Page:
Greyhound Review: Tom Hanks Wants to Talk to You About WWII (Again)

Posted 2020/07/07 1 0

What you wind up with is a much better history lesson than play, despite the evident care with which Hanks brings the narrative of Greyhound to lifetime.

Tom Hanks at Greyhound 2020
At a piece he composed Empire Magazine about his new movie Greyhound (which he scripted and stars ), Tom Hanks clarified his ongoing fascination with tales about WWII, stating they touch upon ageless topics of”heartbreak and anxieties of that do not know.” Inadvertently, Hanks may have also pinpointed the largest issue with the job: it is more interested in educating audiences about Naval warfare along with also the struggles of early radar compared to researching its protagonist’s self-doubt and insecurities. And though the film’s sea battles are staged with cinematographer-turned manager Aaron Schneider (helming his next feature here, over ten years following his acclaimed debut with Get Reduced ), the lack of a persuasive character throughline makes it hard to become emotionally invested in his or her result. What you wind up with is a much better history lesson than play, regardless of the evident care with which Hanks brings the narrative of Greyhound to lifetime.
Adapted from C.S. Forester’s 1955 book The Great Shepherd, the film stars Hanks as Ernest Krause, a veteran Naval officer who is granted control of the destoyer USS Keeling (call signal Greyhound) shortly following the U.S. enters WWII. Tasked with leading a bunch of Allied boats across the North Atlantic, it drops to Krause and his guys to look after the vessels out of the wolfpack of German U-boats hot on their tails. The Black Pit (an unprotected place beyond the range of the RAF’s aircraft), the Greyhound’s crew should not just combat their enemies, but also the dangerous conditions of the sea and the utter exhaustion of staying in their toes as they race nonstop to make it on another side of the Pit before they have overrun.

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Contrary to Forester’s book, Greyhound barely scatches the surface of that Krause actually is, not as touches upon his backstory. There are nods to him devout and the girl he loves (Elisabeth Shue, sadly wasted here), but the movie struggles to dig under his stoic outside. His inexperience – a significant part of Forester’s publication – is rather presented as an overdue show intended to reframe the story, but the absence of installation robs it of any actual effects. With this much of the film dedicated to showing the way the WWII-era warship works, there is very little room for advancement in regards to the supporting players , that is a pity given the fantastic actors in the cast (Stephen Graham, Rob Morgan, Manuel Garcia-Rulfo). The two Saving Private Ryan as well as the Hanks-produced Band of The Pacific miniseries revealed it is possible to concentrate attention to historic detail with attractive stories about officers beating various physical and psychological barriers in WWII, however, Greyhound is overly fixated on the former, to its detriment.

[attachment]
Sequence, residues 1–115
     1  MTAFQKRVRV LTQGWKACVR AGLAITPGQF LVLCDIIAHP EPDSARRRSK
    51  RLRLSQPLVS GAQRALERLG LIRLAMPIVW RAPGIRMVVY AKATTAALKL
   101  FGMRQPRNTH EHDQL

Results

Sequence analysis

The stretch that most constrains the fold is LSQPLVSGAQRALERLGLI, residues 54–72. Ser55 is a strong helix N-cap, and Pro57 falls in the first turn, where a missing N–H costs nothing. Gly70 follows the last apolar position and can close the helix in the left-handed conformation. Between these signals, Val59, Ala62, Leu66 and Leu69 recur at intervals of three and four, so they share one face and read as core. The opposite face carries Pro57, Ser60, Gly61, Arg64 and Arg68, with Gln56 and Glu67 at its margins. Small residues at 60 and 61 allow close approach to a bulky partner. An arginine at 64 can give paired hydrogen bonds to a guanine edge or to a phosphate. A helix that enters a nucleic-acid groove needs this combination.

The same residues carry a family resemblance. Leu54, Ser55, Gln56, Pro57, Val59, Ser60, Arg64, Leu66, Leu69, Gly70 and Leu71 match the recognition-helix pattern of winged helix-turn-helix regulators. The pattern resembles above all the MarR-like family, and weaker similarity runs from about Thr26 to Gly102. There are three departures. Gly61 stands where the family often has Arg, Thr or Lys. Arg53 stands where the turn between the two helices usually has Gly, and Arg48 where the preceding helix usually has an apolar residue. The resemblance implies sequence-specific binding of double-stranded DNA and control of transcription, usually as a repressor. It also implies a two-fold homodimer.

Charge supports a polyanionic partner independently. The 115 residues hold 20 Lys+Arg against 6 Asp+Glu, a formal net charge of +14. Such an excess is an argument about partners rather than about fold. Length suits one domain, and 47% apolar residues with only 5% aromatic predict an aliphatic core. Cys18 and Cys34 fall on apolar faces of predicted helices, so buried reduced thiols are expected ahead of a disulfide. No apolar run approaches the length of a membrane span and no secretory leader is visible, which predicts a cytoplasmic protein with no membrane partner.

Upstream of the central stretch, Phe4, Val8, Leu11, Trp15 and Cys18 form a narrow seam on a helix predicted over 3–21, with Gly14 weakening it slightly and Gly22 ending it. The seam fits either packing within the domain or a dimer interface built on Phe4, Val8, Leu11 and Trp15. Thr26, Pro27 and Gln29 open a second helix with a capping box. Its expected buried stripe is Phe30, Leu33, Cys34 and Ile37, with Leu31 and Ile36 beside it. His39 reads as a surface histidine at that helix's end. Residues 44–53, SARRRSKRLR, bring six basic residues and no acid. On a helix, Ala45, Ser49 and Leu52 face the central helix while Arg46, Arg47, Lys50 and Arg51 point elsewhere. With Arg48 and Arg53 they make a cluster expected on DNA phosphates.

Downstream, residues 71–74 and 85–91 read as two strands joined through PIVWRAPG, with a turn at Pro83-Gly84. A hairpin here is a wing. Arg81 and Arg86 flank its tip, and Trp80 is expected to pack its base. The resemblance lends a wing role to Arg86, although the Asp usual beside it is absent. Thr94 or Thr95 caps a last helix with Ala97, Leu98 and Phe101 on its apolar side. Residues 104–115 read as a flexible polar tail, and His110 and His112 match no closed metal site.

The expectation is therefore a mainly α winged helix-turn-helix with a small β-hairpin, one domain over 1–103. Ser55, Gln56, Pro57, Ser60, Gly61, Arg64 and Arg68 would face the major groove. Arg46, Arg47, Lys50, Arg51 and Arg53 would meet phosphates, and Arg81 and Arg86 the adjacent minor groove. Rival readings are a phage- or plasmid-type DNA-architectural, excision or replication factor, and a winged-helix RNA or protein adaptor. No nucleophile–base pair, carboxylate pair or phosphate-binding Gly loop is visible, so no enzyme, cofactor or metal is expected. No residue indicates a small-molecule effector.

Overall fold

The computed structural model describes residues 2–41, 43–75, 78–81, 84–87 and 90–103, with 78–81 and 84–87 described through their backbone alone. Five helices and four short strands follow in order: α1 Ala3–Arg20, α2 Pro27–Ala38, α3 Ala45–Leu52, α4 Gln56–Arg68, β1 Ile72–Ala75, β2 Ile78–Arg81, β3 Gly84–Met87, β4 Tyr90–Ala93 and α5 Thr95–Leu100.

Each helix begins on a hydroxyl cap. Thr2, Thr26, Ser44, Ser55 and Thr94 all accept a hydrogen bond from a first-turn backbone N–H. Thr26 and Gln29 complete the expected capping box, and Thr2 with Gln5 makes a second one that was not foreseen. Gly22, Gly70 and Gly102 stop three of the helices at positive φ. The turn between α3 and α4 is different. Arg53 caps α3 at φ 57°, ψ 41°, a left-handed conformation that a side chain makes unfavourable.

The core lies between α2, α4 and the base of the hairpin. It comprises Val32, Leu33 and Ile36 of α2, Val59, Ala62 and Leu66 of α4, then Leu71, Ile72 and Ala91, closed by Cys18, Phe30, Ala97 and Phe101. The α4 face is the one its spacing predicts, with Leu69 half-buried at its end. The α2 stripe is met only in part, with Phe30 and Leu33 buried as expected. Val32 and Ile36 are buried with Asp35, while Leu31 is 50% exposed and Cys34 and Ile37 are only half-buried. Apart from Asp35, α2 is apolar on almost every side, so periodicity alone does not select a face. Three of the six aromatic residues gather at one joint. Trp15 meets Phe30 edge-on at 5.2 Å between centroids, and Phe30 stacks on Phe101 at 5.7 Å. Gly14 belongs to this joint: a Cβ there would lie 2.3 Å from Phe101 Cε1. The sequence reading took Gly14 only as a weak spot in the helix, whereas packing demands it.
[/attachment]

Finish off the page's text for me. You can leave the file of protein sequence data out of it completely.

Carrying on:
Tom Hanks at Greyhound 2020Tom Hanks at Greyhound
At precisely the exact same time, Hanks has obviously done his research, according to the sheer quantity of Naval jargon in his script. That feeling of verisimilitude is further improved by Schneider and his group’s work behind the camera. A substantial chunk of Greyhound was captured on a set of real life vessels (the HMCS Montréal and USS Kidd), letting it easily approximate the cramped feeling of being aboard an antiquated destroyer. It is just when the movie’s actors are put against the CGI background of the Dark Pit which Greyhound’s budgetary limits start to reveal, in spite of the extra realism of water always splashing the camera lens.
To its credit, Greyhound much more or less does what Hanks feels great WWII stories should do: inviting people not to give up at the darkest of times, even if they are pushed into the point of fatigue. It is a very simple concept, but one that is relevant for anybody who is only hoping to make it from 2020 in 1 piece. Nonetheless, it’s easily apparent why Sony postponed Greyhound over a year out of its initial release date in March 2019 before sending it over Apple in the aftermath of this COVID-19 pandemic: it is not a strong enough personality slice to compete at awards year, but it’s also overly terminology-heavy and docudrama-like to fully work as a summer thriller. Under the conditions, however, it’s adequate enough to merit an eye in the event that you currently have an Apple TV+ subscription… or, such as Hanks, simply can not appear to have enough WWII pop culture generally.